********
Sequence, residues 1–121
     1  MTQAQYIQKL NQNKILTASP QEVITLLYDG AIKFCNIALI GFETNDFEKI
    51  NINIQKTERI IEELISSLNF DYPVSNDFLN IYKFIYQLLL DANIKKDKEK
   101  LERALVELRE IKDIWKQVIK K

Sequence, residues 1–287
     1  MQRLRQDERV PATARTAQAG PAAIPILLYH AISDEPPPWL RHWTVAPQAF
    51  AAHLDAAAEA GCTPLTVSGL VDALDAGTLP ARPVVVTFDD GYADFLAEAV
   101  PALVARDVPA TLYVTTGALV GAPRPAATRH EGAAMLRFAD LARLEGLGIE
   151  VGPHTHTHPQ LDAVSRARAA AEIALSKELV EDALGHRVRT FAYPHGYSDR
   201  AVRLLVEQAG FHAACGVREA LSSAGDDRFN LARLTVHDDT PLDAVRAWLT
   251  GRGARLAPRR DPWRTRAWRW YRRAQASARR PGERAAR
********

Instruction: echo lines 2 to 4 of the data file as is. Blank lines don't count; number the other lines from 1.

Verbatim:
     1  MTQAQYIQKL NQNKILTASP QEVITLLYDG AIKFCNIALI GFETNDFEKI
    51  NINIQKTERI IEELISSLNF DYPVSNDFLN IYKFIYQLLL DANIKKDKEK
   101  LERALVELRE IKDIWKQVIK K